thereby serving to minimize the transmission of radiated heat throughany of these air spaces.
If paper having only one metal coated face is employed the same is so employed that each air space has at least one metal coated face. It will be understood, therefore,'that if the material I3 has a metal coated face disposed toward the air space, the paper I5 will have its metal coated face disposed away from the layer I3 and similarly the paper I6 will have its metal coated face disposedtoward I4. With this arrangement each airspace will have at least one metal coated face. If desired the layers I3- and I4 mayebe uncoated'with metal and one-of the sheetssay sheet I5 will have both faces metal coated, while the other sheet, I6, will have one fface coated and so disposed that its unmetalized face is disposed toward I5.
It will now be understood that by the use yof s this form of the invention the air space is broken .up into twoor more air spaces and each air ized.
In the form ofthe invention shown in Figure 6, one or more blankets of insulating material 26 e may be employed for the general purpose of breaking .up the air space into two or more air spaces, the blanket being nailed to the studs I2 In order to take full advantage of the present invention the blanket 2U is provided on one or both faces thereof with a layer of metal foil or with a layer of metalized paper.
The present applicationis a division of application Serial No. 634,604, filed September 23, 1932, now Patent No. 2,098,138, granted Novemaavaofze being teov thin and inadequate te withstand the wear and abrasion of an exposed radiated` heat across the `air space, Ithe coating .t
surface for the' purpose of substantially eliminating the transfer of radiated heat across the air space, theother face of said bo/ard being uncoated/ and adapted to receive `any desired -flnishingorxy decorative coating thereover.
2. As 'a new article of manufacture, a-building board having a-width greater than the distance between adjacent wall studs in frame dwelling construction, for attachment to' such wall studs, and to form air spaces within the wall bordered by one face of the building board on the interior side of the wall, one face of said board having a coating of very thin metal foil for exposure to theair spaces within the wall to minimize the transfer oi' radiated heat across the air space, the metal foil being too thinr and inadequate to withstand the wear and abrasion of an exposed wall surface and of such thickness as adequately to cover the surface for the purposeI of substantially eliminating the transfer'of radiatedl heat Y,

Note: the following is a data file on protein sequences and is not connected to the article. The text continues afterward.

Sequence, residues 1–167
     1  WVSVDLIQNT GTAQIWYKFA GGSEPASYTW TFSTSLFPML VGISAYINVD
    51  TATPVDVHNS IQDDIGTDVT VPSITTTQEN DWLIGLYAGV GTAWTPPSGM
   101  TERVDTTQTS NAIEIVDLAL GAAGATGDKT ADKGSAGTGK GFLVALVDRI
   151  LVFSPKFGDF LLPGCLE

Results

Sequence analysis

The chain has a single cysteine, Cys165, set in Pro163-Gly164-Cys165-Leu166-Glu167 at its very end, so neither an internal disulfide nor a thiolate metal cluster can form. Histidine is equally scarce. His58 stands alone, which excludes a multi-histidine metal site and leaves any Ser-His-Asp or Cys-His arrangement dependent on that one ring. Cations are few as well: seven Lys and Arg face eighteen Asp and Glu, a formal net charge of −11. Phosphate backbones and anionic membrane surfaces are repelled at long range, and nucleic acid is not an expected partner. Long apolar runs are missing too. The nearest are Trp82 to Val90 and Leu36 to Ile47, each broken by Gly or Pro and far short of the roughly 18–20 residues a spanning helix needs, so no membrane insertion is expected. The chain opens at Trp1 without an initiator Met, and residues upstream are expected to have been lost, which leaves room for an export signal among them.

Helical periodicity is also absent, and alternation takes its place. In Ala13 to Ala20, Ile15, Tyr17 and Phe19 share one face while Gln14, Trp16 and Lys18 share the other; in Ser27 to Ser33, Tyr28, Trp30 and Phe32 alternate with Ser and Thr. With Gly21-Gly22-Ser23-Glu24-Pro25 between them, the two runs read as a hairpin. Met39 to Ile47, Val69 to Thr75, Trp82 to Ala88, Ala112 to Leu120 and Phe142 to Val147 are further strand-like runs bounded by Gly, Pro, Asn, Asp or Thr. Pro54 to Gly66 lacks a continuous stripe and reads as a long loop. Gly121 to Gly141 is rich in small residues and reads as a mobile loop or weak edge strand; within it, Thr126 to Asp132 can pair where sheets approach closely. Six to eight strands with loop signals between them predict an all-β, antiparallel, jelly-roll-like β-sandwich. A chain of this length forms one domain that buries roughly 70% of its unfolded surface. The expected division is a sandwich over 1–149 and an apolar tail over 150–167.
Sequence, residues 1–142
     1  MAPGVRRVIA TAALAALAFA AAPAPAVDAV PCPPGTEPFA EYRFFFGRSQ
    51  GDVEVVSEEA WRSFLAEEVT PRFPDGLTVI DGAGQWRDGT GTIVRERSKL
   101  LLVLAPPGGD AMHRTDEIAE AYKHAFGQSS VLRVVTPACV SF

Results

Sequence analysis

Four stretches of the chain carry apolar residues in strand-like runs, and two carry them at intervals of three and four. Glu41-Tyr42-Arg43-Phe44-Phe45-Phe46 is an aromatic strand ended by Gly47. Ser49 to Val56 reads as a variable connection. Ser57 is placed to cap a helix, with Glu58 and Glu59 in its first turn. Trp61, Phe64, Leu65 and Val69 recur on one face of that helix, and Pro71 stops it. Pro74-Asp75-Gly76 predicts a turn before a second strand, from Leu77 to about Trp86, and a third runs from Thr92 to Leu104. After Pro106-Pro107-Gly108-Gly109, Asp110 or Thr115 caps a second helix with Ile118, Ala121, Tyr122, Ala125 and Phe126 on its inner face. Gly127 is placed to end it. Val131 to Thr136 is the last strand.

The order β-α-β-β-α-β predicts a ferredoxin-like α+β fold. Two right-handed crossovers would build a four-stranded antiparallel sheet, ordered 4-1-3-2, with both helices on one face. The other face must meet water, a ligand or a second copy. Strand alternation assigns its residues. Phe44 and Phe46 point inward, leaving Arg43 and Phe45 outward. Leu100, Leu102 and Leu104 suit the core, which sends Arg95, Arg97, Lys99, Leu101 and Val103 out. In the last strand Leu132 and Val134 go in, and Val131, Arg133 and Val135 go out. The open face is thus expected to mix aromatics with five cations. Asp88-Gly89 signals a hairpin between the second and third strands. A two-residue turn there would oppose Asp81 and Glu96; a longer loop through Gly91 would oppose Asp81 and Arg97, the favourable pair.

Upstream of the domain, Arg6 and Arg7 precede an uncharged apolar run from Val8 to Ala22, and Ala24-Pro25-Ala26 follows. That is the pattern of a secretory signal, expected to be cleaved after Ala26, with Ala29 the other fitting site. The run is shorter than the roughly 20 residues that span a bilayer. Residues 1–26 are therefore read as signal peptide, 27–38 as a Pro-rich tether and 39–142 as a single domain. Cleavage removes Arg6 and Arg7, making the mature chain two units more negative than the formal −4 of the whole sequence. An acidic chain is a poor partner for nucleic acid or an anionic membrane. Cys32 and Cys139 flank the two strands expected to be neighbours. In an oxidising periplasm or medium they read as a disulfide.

across the air space, the other face of said board being uncoated and adapted to receive any desired finishing or decorative coating thereover.
3, A building board, having a width greater than the distance between adjacent wall studs in frame dwelling constructiomfor attachment to such wall studs and to form air spaces within the wall bordered by one face of y.the building board on the interior side of the wall, the board .comprising plaster board for its essentialcomponent, one surface of said board having a metal coating for exposure to the airwspaces within the c' wall to minimize the transfer of-radiated heat ber 2, 1937, which is a continuation as to common subject matter of the copending Patent No. 1,883,774, granted October 18, 1932 Having thus described my invention, I claim:
l. As a new article of manufacture, a building board having a width greater than the distance between adjacent wall studs in frame dwelling t construction, for attachment to such wall studs,.
across the air space, the coating being too thin and inadequate to withstand the wear and abrasion of an exposed wall surface and of such thickness as adequately to cover the surface for ,the purpose of substantially eliminating the transfer of radiated heat across the air space, the other face of said board being uncoated and in frame dwelling construction, for attachment to such Wall studs and to form air spaces within board on the interior side of the wall, the board comprising plaster board for its 'essential comthe wall bordered by one face ofl the building ponent, one surface of said board having a coatingV of very thin metal foil for exposure to the air spaces within the wall tominimize the transfer of radiated heat across the air space, the
metal foil being too thin andl inadequate to withstand the wear and abrasion of an' exposed Wall surface and of such thickness as adequately to cover the surface for the purpose-.of substantiauy eliminating the transfer of radiatedheat,
across the air space the other face of said board being uncoatedand adapted to receive any desired nishing or decorative coating thereover.
' 5. A plasterboard, having a width. greater than, the distance between adjacent wall studs in frame dwelling construction, for attachment to such wall studs to form air spaces within the f'walls, the board having a core of gypsum, one surface of said board having a metal coating for exposure to the air spaces within the-wall to minimize the transfer of radiated heat through the air space, said coating being only of such thickness as adequately to cover the surface for the pur- -v pose of substantially eliminating the transfer of radiated heat across the air space, but inadequate for exposure on an exposed wall surface, the other face of said board being uncoated for receiving a decorative finishing coating thereover.
6. A plasterboard, having a width greater than the distance between adjacent wall studs in frame dwelling construction, for attachment to such wall studs to form air spaces within the walls, the board having a core of gypsum, one surface of said board having a coating of metalfoil for JOSEPH L. FINCK.